How to Reduce the Risk of Becoming a Victim of Credit Card Fraud

How to Reduce the Risk of Becoming a Victim of Credit Card Fraud

June 5th, 2018 by Bunch & Brock

How to Reduce the Risk of Becoming a Victim of Credit Card Fraud

Every year, an increasing number of people fall victim to identity theft, including credit card fraud. According to the nonprofit  Identity Theft Resources Center, data breaches in the U.S. hit an all-time high in 2017, exposing over 14 million credit cards to potential criminal activity. More than ever, it is crucial to take steps to reduce your risk of becoming a credit card fraud victim.

While there is nothing you can do to prevent a data breach at Target or Home Depot, you can move quickly to protect your credit accounts. You should also do all you can to avoid becoming a victim of the targeted telephone and internet scams that are rampant today. Although the new chip technology has helped curb ATM and retail store skimming, other forms of credit card fraud are on the rise, according to Fortune Magazine.

Popular scams entice victims to share personal and credit card information by email or over the phone, providing data that criminals use to make fraudulent purchases. For example, a caller posing as your electricity provider may threaten to shut off your power if you don’t make an immediate payment. Don’t fall for it.

The following are tips you can use to avoid becoming a credit card fraud victim:

  • NEVER give out your personal information, especially credit card numbers, to someone who has unexpectedly called you or sent you an email/text. Understand that the IRS, your utility company, or any business you have an account with would never ask you to provide or “verify” your personal information by email or over the phone. If you receive any “urgent” requests, hang up and telephone the organization yourself.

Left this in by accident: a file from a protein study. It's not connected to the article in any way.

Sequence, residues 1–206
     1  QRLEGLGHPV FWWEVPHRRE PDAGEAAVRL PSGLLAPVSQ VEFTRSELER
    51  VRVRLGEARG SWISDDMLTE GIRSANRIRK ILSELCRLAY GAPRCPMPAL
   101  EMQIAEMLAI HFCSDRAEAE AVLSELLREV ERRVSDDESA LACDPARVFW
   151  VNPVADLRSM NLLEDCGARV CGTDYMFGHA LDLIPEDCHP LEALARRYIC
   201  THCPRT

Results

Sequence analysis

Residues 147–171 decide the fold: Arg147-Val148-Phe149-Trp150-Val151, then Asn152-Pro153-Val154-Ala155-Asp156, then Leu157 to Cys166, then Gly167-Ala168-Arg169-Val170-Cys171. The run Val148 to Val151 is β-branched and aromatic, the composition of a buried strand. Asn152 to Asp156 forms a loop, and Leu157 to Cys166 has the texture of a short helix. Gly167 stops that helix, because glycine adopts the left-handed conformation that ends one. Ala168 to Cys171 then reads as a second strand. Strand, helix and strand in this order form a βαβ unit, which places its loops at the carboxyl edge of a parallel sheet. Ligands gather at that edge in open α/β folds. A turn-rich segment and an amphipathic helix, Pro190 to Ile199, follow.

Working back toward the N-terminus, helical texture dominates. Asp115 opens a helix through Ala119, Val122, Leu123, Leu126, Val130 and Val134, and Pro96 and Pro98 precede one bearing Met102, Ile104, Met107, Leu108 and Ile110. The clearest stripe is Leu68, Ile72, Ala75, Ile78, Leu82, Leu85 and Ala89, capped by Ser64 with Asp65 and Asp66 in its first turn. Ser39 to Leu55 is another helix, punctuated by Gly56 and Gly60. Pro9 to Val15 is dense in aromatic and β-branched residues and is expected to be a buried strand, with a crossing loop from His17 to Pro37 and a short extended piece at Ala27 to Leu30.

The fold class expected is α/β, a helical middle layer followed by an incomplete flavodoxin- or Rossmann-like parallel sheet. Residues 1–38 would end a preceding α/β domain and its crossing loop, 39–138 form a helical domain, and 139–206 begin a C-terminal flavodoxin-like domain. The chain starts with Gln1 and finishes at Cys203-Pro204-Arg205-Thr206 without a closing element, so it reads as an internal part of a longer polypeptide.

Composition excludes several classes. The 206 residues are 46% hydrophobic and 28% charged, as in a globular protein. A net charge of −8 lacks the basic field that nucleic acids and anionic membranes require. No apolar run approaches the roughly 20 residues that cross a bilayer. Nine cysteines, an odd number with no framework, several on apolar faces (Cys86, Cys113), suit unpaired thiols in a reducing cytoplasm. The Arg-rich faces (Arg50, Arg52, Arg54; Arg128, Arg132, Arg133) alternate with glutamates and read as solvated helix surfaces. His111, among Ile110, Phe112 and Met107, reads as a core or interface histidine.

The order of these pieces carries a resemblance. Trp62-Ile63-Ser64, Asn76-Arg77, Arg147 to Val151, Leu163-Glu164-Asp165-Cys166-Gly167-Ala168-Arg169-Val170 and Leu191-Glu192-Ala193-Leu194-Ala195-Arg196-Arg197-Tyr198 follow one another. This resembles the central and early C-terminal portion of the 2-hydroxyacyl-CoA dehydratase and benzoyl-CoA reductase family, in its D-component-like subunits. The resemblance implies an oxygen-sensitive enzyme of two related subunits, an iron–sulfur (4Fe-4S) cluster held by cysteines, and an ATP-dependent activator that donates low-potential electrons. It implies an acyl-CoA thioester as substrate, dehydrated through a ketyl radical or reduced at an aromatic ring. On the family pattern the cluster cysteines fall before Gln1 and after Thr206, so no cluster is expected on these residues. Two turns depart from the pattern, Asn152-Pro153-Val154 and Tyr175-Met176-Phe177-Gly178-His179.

• Always be suspicious of a “too good to be true” offer or request you receive by text or email. Grammatical errors in the text are a clue that the sender is from a foreign country and likely not who they claim to be. If you don’t recognize the sender, it’s best to avoid clicking on any email or text message links.
  • Monitor your debit and credit card accounts online daily. If you see anything suspicious, immediately report it to the bank or cardholder.
  • For debit/credit cards, take advantage of your bank’s protection and security options, which you can often find in your “settings” for online banking. You can ensure that you receive an email when, for example, a large transaction is posted or when any online or telephone charge is authorized for your credit card.
  • If a breach occurs at a store you have frequented, consider cancelling the card you used and order a new one. (Be sure to update any company using the old card for automatic payment withdrawals.)
  • If you are impacted by credit card or other types of identity theft, place a fraud alert on your credit report. You can contact EquifaxExperian, or TransUnion to put a 90-day fraud alert or extend it to seven years in extreme cases. A call to either agency provides an alert to all vendors that encourages extra identity scrutiny prior to authorizing purchases.

If you are a victim of any financial circumstance that has become overwhelming, you may need the advice of a seasoned attorney. Bunch & Brock offers legal and financial services to individuals and business owners.  For prompt assistance, please contact us online or give us a call today.